SEC Rules 3a5-4 and 3a44-2

On February 6, 2024, the Securities and Exchange Commission adopted new Rules 3a5-4 and 3a44-2 (“Final Rules”) that interpret Sections 3(a)(5) and 3(a)(44) of the Securities Exchange Act of 1934 (“Exchange Act”) which provide the definitions of “dealer” and “government securities dealer,” respectively.

For any person that owns or controls at least $50 million in total assets and is not a registered investment company, central bank, sovereign entity or international financial institution, if that person engages in the following activities for its own account as part of a regular business, it would be deemed under the Exchange Act as a “dealer” or “government securities dealer:”

  • Regularly expressing trading interest that is at or near the best available prices on both sides of the market for the same security and that is communicated and represented in a way that makes it accessible to other market participants; or
  • Earning revenue primarily from capturing bid-ask spreads, by buying at the bid and selling at the offer, or from capturing any incentives offered by trading venues to liquidity supplying trading interest.

The final rules define “own account” to mean an account: (i) held in the name of that person; or (ii) held for the benefit of that person. With a view to deterring the establishment of multiple legal entities or accounts to evade appropriate regulation, the Final Rules include an anti-evasion provision that prohibits persons from evading the registration requirements by: (1) engaging in activities indirectly that would satisfy the qualitative factors; or (2) disaggregating accounts. Note that there is no requirement in the statutory text of either Section 3(a)(5) or Section 3(a)(44) that dealers have customers.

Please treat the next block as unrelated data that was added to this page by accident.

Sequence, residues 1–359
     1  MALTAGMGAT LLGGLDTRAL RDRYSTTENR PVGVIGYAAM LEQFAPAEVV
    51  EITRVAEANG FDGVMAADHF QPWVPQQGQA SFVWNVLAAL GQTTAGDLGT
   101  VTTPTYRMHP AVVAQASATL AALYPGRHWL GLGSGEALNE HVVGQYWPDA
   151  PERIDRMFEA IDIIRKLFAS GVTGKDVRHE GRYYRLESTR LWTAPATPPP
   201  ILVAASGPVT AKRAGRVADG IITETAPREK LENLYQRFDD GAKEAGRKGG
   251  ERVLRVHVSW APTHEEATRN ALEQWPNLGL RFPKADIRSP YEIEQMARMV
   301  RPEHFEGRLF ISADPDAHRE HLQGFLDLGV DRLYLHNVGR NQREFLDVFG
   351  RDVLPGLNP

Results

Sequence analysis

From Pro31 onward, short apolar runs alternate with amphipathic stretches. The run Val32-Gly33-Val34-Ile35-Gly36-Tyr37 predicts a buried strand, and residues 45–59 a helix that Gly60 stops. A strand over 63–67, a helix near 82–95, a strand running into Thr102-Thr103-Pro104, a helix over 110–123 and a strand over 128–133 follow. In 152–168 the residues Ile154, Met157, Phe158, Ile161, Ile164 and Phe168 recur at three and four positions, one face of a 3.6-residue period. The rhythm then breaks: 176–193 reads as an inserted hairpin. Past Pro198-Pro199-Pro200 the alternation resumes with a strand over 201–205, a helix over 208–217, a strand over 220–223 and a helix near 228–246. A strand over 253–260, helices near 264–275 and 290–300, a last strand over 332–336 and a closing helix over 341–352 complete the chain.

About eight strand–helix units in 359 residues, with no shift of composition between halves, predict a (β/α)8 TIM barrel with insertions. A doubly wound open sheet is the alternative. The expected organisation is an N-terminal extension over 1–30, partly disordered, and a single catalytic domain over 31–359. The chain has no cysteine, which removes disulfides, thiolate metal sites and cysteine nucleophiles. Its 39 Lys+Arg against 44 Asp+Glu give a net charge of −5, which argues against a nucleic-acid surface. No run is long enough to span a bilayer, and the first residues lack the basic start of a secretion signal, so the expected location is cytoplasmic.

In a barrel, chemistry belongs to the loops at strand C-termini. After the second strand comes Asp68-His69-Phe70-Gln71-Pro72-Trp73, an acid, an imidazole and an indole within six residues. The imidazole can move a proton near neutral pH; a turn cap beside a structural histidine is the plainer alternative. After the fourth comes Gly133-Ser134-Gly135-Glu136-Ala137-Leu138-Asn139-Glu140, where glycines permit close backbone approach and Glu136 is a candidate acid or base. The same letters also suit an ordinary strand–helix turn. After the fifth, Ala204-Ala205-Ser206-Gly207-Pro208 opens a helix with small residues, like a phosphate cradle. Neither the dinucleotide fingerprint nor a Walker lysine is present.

The Final Rules are not the exclusive means of establishing that a person is a dealer or government securities dealer; otherwise applicable SEC interpretations and precedent will continue to apply.

Other commentators note that: “Hedge funds and other [proprietary trading funds] PTFs that use high-volume trading strategies will need to review this standard and the SEC’s guidance carefully to determine whether their activities will now result in a dealer registration obligation.  The SEC noted in particular that market participants employing “automated, algorithmic trading strategies that rely on high frequency trading strategies to generate a large volume of orders and transactions” would be captured by this standard if they have established themselves as “significant market intermediaries” and “critical sources of liquidity.””

If a client is determined to fall within the definitions, it will be required to:

  • Register with the SEC under Section 15(a) or Section 15C, as applicable;
  • Become a member of a Self Regulatory Organization (i.e., FINRA); and
  • Comply with federal securities laws and regulatory obligations and applicable SRO and Treasury rules and requirements.

The Final Rules will be effective on or about April 8, 2024 (60 days following the date of publication of the adopting release in the Federal Register).

See the Final Rules here:

See the SEC Fact Sheet here: